Bulgaria's government has assured fiscal indicators look good in terms of euro-adoption criteria, although entry into the euro zone is no longer dubbed top priority.
"Our indicators look good in terms of the euro-adoption criteria," Deputy Finance Minister Boryana Pencheva said in an interview for Bloomberg agency.
According to her efforts to adopt the euro will get a boost from joining Europe's Competitiveness Pact.
"The program ensures we work toward meeting all of the technical criteria. Then it is very much a political decision," the deputy minister said.
Pencheva spoke a day before Bulgaria's three-year fiscal plan was submitted to the European Commission at the end of last week.
The plan aims to cut the budget deficit and boost economic growth to move toward euro adoption, Deputy Finance Minister Boryana Pencheva said.
The plan estimates gross domestic product growing 4.1 percent in 2012, 4.4 percent in 2013 and 4.2 percent in 2014. The government seeks to narrow the deficit to 0.5 percent of GDP by 2014, keeping corporate and personal income taxes unchanged.
Even though the government's enthusiasm for the euro zone seems undimmed, public support for adoption of the single currency has been seriously dented following the troubling developments in the monetary union, analysts say.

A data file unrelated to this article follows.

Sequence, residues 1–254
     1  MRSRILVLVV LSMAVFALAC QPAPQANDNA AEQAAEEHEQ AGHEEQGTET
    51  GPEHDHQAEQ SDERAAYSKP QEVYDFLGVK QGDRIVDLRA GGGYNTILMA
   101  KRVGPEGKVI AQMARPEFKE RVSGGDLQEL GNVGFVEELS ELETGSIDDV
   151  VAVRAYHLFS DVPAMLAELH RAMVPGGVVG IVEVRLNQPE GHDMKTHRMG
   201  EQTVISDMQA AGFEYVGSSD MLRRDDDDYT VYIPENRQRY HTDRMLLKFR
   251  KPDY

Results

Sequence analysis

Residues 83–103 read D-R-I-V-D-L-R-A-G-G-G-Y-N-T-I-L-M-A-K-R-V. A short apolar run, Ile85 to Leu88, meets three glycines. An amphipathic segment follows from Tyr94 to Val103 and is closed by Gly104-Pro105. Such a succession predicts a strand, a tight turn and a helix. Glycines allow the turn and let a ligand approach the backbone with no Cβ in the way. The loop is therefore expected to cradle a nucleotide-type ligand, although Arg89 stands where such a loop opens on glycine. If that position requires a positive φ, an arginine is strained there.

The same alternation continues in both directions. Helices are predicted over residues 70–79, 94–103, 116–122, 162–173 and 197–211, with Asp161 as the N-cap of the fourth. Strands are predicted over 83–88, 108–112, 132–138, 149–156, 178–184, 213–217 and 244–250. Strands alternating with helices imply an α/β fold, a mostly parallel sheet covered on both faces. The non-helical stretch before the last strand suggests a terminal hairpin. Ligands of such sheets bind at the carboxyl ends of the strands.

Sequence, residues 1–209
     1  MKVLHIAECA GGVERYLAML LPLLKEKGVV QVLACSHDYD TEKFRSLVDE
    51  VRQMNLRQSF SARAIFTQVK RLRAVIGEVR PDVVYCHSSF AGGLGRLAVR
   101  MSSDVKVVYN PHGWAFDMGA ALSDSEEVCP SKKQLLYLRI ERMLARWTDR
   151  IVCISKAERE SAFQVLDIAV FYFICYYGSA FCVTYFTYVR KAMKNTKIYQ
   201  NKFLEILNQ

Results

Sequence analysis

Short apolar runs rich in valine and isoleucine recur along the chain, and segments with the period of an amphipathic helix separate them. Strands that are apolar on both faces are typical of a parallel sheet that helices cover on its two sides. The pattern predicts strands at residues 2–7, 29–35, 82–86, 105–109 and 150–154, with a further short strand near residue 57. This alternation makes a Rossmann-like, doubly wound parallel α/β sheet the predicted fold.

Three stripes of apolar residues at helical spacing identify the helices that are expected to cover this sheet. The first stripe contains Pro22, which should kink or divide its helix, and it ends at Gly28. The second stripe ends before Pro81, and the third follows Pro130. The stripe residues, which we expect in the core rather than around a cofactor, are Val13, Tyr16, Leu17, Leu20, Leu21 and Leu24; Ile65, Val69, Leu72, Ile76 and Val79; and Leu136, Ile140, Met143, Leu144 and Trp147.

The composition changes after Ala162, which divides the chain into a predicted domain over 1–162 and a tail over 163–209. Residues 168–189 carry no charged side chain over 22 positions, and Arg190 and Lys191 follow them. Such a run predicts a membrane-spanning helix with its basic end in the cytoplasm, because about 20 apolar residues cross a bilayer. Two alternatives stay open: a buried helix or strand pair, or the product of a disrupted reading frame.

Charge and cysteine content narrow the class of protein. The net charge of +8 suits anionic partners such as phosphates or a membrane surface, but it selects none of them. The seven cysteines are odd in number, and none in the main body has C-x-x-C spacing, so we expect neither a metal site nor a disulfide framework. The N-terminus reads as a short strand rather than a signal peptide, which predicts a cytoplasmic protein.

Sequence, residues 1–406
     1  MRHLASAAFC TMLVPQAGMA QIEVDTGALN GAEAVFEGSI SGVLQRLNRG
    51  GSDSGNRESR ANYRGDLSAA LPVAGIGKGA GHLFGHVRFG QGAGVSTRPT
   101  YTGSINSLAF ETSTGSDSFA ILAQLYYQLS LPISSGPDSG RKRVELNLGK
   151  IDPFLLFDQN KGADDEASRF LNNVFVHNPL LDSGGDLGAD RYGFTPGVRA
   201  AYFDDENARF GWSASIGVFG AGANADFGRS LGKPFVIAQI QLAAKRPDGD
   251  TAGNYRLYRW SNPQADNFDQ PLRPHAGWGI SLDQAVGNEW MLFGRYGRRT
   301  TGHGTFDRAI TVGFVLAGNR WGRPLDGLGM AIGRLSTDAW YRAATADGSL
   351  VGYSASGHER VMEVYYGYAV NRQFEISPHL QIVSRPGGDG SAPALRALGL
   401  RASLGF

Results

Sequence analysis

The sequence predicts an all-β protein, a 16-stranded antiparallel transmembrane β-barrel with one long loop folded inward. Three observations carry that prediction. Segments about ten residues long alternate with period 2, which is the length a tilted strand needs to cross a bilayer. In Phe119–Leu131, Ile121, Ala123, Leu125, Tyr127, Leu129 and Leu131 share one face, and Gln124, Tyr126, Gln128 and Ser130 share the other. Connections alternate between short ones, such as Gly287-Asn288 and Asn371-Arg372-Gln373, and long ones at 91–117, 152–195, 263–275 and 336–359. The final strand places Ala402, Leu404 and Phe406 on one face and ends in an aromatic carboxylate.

While several months before the end of last year the Bulgarian society was cut in two over calls for immediate introduction of the European single currency, a recent survey by the Open Society Institute has found out that those who oppose euro adoption now are majority.
The Currency Board regime in which Bulgaria operates enjoys great public support. People's confidence in the banking sector remains stable despite the financial crisis, polls show.
Bulgaria's Finance Minister Simeon Djankov recently said that proposed constitutional amendments designed to bolster and guarantee Bulgaria's financial stability will pave the way to the euro adoption.
He conceded however that euro adoption is no longer on top of his agenda and all efforts will be focused on maintaining the country's financial stability.
Bulgaria's center-right government revived at the end of last year its plans to apply to join the bloc's exchange-rate mechanism, the so-called eurozone waiting room, after it was forced to drop the euro bid in April over a larger than expected 2009 deficit.
The government hopes to apply to join ERM II in the second half of 2011 after it has demonstrated that next year's budget deficit will fall below the European Union's ceiling of 3% of gross domestic product in line with the Maastricht criteria.
Joining the exchange-rate mechanism was assigned top priority for 2010 by the new Bulgarian center-right government, which was the reason why it stuck to tight financial policy at the end of 2009 and delayed payments to businesses in a bid to keep low the budget deficit.
Countries must be members of ERM II for two years before they can formally join the eurozone.